How can you tell when an industry has matured? When the businesses involved hire a lobbyist and start disagreeing about how to best represent their interests, that’s usually a sign.
That’s what’s happening in Sacramento’s mobile food scene, where the scrappy, nimble truck operators that have been giving brick-and-mortar restaurants a run for their money are starting to get more organized.
A group of about 20 area food truck owners announced Tuesday that they’re forming the non-profit California Mobile Food Association, a regional group with ambitions to expand statewide.
CalMFA will work with local governments and restaurants to reform regulations governing food trucks, said group organizer and Wicked ‘Wich co-owner Matt Chong. Members will also help promote each other’s events, and share tips like where to get insurance and truck repairs, Chong said.
Website will track trucks
Hungry mobile food aficionados can visit gofoodmob.com for a daily update of which member trucks are selling that day and where they can be found: No more scrolling through Twitter to plan your lunch.
Krush Burger owner Davin Vculek said he’s got all the representation he needs in Sacto MoFo, a marketing company that puts on regular mobile food festivals and has been advocating for looser food truck regulations for a while.
Vculek said some truck owners have griped about paying SactoMoFo to participate in the festivals. But he said the money he makes far outweighs the fee he kicks in to help cover security and supplies for the events.
“If we can pay a few hundred bucks to have a record sales day it makes good business sense,” he said.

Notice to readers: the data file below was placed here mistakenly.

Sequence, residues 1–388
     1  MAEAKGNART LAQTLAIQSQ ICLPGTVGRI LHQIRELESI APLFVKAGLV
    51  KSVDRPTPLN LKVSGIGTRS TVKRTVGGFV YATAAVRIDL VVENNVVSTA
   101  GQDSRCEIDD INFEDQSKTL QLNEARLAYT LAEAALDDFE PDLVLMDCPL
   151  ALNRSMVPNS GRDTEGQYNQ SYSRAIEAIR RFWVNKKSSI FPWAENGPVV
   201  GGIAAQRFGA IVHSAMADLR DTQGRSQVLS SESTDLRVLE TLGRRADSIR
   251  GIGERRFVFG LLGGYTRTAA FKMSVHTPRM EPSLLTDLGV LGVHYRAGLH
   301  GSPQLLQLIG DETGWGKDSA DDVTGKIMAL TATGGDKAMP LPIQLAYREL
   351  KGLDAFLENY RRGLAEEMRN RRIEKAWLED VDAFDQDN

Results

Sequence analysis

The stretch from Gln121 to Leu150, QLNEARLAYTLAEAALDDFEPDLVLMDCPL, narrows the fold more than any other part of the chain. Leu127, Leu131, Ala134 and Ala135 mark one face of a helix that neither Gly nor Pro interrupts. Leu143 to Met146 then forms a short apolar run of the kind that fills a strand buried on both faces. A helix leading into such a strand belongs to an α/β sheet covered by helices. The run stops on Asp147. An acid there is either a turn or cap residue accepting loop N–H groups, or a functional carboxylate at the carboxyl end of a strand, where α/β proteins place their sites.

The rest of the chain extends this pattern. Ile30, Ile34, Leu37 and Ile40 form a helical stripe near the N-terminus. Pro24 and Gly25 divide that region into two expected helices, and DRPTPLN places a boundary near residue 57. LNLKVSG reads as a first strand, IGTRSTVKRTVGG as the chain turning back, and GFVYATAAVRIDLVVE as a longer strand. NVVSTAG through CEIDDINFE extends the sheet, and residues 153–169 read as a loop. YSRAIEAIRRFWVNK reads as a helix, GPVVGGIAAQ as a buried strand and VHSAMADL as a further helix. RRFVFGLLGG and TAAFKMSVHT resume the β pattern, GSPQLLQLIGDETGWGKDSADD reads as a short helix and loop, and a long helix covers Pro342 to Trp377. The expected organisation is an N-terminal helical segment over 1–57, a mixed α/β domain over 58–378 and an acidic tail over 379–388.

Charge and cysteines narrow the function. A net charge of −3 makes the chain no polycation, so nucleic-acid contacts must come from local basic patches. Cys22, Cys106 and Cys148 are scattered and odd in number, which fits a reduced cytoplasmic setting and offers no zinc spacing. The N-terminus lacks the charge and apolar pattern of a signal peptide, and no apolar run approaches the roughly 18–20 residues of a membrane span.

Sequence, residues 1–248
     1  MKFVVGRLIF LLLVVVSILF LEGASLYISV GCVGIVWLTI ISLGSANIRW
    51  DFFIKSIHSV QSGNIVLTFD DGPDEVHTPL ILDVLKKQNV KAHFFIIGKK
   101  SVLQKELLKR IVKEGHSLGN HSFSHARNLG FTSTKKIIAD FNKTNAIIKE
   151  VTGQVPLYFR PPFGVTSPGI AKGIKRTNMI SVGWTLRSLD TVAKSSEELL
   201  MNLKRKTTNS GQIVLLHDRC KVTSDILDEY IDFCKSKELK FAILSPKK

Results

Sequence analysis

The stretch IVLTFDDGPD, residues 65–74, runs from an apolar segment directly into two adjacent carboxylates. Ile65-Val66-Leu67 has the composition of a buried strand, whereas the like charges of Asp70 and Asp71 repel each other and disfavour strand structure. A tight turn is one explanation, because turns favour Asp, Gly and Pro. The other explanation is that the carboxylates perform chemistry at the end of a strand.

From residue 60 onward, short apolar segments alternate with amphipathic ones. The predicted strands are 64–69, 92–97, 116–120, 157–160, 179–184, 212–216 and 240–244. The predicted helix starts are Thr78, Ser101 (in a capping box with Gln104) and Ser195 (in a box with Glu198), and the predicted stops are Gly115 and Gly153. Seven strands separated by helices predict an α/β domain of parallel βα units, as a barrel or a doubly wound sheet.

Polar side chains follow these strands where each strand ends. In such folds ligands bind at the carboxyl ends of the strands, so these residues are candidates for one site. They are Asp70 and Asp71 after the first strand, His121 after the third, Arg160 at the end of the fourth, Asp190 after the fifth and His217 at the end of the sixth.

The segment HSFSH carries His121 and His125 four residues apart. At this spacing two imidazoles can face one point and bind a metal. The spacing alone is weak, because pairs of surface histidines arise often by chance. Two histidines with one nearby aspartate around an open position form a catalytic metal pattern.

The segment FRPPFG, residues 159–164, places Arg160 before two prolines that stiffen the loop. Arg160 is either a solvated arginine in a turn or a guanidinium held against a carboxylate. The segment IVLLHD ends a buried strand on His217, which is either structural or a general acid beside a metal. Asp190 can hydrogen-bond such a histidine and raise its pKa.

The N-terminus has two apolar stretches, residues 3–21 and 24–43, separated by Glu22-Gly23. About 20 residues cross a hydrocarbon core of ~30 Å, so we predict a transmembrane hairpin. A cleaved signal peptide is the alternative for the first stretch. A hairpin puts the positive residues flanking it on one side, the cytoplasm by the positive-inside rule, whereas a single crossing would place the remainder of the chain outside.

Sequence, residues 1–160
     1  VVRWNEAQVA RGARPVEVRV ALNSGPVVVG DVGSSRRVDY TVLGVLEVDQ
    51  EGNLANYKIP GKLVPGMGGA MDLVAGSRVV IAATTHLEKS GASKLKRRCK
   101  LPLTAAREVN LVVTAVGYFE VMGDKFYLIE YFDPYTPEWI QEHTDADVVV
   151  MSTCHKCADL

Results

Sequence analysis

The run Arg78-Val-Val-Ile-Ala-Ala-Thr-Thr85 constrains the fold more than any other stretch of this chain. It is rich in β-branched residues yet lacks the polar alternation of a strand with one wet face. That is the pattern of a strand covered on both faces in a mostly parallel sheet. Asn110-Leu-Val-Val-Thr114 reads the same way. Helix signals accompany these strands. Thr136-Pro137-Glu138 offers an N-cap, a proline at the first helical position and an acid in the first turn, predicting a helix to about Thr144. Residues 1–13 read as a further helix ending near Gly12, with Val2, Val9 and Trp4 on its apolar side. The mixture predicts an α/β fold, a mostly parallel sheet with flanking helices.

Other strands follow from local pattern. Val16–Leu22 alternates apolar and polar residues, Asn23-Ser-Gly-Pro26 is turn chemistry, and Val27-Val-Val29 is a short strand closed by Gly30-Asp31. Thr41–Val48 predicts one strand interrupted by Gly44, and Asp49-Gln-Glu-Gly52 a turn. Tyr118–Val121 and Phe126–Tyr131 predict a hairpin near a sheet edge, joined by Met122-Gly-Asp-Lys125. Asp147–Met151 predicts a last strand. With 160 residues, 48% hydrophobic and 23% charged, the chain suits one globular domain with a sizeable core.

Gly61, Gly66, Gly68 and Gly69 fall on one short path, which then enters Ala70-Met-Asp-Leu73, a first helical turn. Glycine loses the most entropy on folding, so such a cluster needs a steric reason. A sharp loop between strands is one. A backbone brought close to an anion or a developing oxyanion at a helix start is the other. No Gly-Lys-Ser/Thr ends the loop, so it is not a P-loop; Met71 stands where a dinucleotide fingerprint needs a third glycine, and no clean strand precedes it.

Compromising with restaurants
Chong, however, said the two organizations also differ on how to lobby for policy changes at the city level. CalMFA has hired lobbyist Gregory Hines to help truck owners “navigate the government landscape,” he said.
“We needed to have our own voice…to better the relationship between the food truck industry and the local restaurateurs,” he said. “The initial plans that were being pitched on our behalf were a free-for-all sort of idea where trucks weren’t limited to how close they can park to restaurants, there were no limitations on hours.”
“A lot of us either came from brick and mortar restaurants or want to eventually become a brick and mortar restaurant,” he added. “The last thing we want to see is more local businesses closing their doors.”
And The Sacramento Bee reports that Sacramento city leaders are close to working out a deal that would also allow trucks to park for longer but would restrict how close they could be to each other and to stationary restaurants.
Do food trucks need their own industry association? Which other kinds of Davis businesses could use this sort of group? Tell us in the comments.